The second area of the exhibition (room 2) opens with “History Painting”, comprising a spectacular group that includes some of the most impressive works in the Museum’s collection of modern art. Among them are works that have entered the Spanish collective consciousness over the decades and become cultural icons, such as Juana la Loca by Francisco Pradilla, The Lovers of Teruel by Antonio Muñoz Degrain, The Surrender of Bailén by José Casado de Alisal, and The Execution of Torrijos by Antonio Gisbert. 

The end of the century

The end of the century
Elderly Nude in the Sun
Mariano Fortuny Marsal
Oil on canvas, 76 x 60 cm. 1871
Museo Nacional del Prado

Following these monumental compositions, the exhibition adopts a more intimate mood in the final room (room 3) which opens with “Realist Landscape”, led by the work of Carlos de Haes, then moves on to painting and sculpture by Fortuny and his circle. These works range from the exquisite realism and virtuoso technique of Mariano Fortuny with works such as Elderly Nude in the Sun and The Painter’s Children in the Japanese Room, to the cosmopolitan style of Raimundo de Madrazo and Martín Rico. The penultimate section focuses on the development of 19th-century painting in a section entitled “From Realism to the End of the Century” and features the work of artists such as Francisco Domingo Marqués and Ignacio Pinazo. The exhibition concludes with the modern and innovative artistic idioms that developed around the turn of the century with a section devoted to Sorolla and Beruete including such celebrated compositions as And they still say Fish is expensive! and Young Boys on the Beach.

The new location of the collection

The new location of the collection

Selected with the same criteria of quality and importance as the works that comprise the remainder of the Museum’s permanent collection on display in the Villanueva building, the more than 100 works included in the present exhibition will be integrated into the permanent display once the exhibition has closed. This operation forms part of the other expansion of the Prado resulting from the fact that new display space has become available in the original Villanueva building now that various offices and services areas have moved into the new extension.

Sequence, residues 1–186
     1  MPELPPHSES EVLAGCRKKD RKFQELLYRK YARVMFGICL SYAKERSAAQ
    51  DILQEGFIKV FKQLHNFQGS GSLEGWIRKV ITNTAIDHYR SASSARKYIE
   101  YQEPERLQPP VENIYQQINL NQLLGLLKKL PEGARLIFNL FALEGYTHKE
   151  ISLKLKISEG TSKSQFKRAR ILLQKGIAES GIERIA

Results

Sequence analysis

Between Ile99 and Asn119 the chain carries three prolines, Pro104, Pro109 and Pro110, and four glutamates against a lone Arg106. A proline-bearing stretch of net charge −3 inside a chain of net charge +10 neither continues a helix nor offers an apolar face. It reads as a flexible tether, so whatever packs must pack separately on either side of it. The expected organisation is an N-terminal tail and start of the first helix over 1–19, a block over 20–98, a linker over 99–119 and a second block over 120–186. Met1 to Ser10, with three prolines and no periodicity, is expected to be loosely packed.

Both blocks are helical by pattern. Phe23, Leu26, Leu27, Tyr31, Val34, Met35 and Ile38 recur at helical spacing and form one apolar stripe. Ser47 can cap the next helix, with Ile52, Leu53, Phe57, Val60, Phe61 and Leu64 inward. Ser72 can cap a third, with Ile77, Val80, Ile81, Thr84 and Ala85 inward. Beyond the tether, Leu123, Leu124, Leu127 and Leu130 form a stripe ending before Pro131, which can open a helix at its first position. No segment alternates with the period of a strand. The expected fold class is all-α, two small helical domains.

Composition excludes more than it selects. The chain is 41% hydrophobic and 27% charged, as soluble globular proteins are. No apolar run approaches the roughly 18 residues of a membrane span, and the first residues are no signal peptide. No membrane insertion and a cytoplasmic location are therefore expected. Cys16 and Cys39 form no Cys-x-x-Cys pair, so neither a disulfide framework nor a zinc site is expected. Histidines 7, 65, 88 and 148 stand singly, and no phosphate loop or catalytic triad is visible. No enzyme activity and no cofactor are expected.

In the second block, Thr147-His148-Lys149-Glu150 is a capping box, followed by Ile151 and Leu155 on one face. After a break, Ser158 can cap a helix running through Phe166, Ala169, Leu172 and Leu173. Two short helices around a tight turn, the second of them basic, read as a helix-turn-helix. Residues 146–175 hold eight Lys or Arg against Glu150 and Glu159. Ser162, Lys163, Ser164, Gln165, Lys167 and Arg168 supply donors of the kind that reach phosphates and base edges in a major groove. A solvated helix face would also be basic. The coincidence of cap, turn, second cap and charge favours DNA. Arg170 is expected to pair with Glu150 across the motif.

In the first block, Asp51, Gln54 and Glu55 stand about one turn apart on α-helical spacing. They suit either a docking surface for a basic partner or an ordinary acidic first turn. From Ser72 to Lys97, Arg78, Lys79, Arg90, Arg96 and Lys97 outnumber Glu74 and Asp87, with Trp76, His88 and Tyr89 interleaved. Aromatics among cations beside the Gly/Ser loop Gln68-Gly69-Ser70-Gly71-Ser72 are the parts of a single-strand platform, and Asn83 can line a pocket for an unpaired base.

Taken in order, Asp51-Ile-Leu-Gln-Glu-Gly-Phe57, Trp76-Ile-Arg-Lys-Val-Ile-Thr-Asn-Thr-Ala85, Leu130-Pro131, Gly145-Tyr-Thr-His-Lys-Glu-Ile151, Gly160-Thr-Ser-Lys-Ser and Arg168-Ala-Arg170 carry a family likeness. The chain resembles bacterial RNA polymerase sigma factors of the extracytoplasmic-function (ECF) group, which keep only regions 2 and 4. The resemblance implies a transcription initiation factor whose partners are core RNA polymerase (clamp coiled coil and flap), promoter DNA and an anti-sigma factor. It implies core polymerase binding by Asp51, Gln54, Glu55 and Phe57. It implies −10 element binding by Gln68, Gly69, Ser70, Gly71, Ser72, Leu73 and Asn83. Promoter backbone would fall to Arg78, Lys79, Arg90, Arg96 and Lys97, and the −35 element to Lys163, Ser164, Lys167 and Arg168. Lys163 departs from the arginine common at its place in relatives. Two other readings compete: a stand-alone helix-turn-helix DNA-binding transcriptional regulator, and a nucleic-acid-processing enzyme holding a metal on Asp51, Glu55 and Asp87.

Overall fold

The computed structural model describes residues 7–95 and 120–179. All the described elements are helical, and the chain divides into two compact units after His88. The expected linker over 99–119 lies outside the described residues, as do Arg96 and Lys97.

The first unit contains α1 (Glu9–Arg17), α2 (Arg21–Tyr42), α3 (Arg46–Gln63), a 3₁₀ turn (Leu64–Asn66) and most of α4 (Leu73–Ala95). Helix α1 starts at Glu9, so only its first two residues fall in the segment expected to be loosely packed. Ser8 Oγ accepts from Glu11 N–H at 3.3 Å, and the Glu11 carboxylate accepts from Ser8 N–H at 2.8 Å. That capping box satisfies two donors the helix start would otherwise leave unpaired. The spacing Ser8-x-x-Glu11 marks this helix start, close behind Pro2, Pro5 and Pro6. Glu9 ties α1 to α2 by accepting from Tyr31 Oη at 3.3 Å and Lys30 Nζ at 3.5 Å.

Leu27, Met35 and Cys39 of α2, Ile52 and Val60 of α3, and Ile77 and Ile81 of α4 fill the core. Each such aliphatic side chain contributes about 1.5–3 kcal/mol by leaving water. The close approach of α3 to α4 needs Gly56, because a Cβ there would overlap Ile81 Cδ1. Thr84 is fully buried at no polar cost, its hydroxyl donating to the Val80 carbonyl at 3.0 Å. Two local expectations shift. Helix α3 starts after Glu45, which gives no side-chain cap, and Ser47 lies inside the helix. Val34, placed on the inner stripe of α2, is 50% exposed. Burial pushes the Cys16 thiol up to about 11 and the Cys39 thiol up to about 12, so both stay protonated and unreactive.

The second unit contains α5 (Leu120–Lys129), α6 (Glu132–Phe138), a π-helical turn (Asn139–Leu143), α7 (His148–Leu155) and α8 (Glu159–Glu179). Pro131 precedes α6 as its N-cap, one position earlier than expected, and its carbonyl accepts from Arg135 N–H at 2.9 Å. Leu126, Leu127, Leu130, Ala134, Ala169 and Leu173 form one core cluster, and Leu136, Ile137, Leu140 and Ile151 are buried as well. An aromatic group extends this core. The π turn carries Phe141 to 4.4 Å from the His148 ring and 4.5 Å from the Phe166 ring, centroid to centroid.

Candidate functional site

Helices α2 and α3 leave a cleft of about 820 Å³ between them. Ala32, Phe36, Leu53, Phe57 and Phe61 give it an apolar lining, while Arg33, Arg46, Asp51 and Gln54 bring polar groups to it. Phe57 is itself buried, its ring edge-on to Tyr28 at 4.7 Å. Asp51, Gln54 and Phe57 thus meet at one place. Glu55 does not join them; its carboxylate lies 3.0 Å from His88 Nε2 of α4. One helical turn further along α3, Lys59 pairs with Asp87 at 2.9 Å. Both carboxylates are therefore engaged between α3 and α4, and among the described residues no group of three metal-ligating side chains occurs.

Despite the fact that the 19th-century collection represents the largest area within the Museum’s collection and the most important collection of modern Spanish art in the world, it has been the least known until now. The comparative lack of awareness of this collection in comparison to the remainder of the Museum’s collections is largely due to the fact that it was displayed separately – in the Casón del Buen Retiro – since it entered the Museum in 1971, and before that formed part of the now defunct Museo de Arte Moderno. In 1997 the Casón was closed for remodelling and restoration and the paintings have not been on display to the public since that date.

The forthcoming integration of these works into the main body of the permanent collection aims to compensate for this relative neglect by giving them the same level of visibility as the works that have traditionally brought the Prado its international fame and prestige.